In the weeks ahead, these amazing students will be creating a final project that will conclude our study of The Graveyard Book, as well as writing an original poem about peace that will be submitted for judging in The 2022 Voices of Peace Poetry Contest hosted by The Cape Cod Veterans for Peace.

During the months of January, February, and March, our 7th grade Advanced ELA students have been reading Life of Pi, by Yann Martel.The son of a zookeeper, Pi Patel has an encyclopedic knowledge of animal behavior and a fervent curiosity about world religions and spirituality. When Pi is sixteen, his family emigrates from India to North America aboard a cargo ship, along with their zoo animals bound for new homes. The ship sinks. Pi finds himself alone in a lifeboat, his only companions a hyena, an orangutan, a wounded zebra, and Richard Parker, a 450-pound Bengal tiger. Soon the tiger has dispatched all but Pi, whose fear, knowledge, cunning, and deep faith in his various Gods allow him to coexist with Richard Parker for 227 days while lost at sea.

This novel is written at a very high level of reading level analysis. Scholars have formulas for automatically estimating reading level using syllables, sentence length, and other proxies for vocabulary and concept complexity, the most common one is the Flesch-Kincaid index. While discussing the novel, our class has focused on three recurring themes, “transformation,” “conflicting realities,” and “thirst,” and how these themes manifest themselves physically, mentally, emotionally, and spiritually, as Pi fights to survive his harrowing situation.

This month, the 7th graders are also working on writing an original poem about peace that will be submitted for judging in The 2022 Voices of Peace Poetry Contest hosted by The Cape Cod Veterans for Peace.

#### Tier 3 Future Problem Solving Grades 6 and 7

Our BIS Problem Solvers have been working hard at mastering Step One of the FPS problem Solving Process, and we have recently moved on to perfecting their Step Two skills. Step Two asks our students to write an Underlying Problem based on the topic and Future Scene we are working on. A successfully written Underlying Problem (UP) contains four elements: a Conditional Phrase (a lead-in fact from the Future Scene), a Stem and Key Verb Phrase (“in what ways might we…” establish, encourage, develop, generate, improve, etc…),  a Purpose (“so that…”), and three Future Scene Parameters (time, place, and topic of the Future Scene).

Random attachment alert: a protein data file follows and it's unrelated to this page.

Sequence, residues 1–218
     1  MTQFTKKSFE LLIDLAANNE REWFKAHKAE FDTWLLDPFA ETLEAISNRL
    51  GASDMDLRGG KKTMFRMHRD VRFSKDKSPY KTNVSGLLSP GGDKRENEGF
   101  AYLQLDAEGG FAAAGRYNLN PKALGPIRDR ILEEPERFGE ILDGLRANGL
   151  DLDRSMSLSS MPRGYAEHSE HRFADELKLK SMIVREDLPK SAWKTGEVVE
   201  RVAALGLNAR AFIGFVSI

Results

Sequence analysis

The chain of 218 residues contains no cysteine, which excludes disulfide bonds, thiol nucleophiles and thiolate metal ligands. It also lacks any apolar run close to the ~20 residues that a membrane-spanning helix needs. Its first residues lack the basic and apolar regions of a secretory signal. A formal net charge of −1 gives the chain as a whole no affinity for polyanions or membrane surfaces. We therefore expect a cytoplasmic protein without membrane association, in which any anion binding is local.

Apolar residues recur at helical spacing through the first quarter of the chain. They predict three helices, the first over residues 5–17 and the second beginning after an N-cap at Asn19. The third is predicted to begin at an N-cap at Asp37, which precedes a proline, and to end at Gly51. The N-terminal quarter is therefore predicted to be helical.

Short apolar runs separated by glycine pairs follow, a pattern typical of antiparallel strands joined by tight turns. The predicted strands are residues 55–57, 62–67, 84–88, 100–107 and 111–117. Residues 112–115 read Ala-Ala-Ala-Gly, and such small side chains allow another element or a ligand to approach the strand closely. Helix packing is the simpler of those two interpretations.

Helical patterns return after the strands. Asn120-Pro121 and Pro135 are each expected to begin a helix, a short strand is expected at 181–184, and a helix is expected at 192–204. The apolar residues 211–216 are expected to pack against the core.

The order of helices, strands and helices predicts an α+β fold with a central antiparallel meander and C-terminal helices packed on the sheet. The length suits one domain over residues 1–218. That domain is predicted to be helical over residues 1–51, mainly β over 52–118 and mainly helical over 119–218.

Additionally, a strong Underlying Problem must contain words that make the purpose of the UP clear and measurable. It must also adhere to the “Goldilocks Theory;” the UP should be narrow enough to focus on just one important concern/challenge that must be addressed, yet broad enough to allow a team to move on to Step Three and generate sixteen original, relevant, exciting, and futuristic solution ideas! Whew!!!

Our Barnstable High School Future Problem Solving Teams in grades 8-12 participated in the FPS Qualifying Problem on February 9, and now we are anxiously awaiting the results to see if any of our teams will earn an invitation to the Massachusetts FPS State Bowl in April! Let’s Go Red Hawks!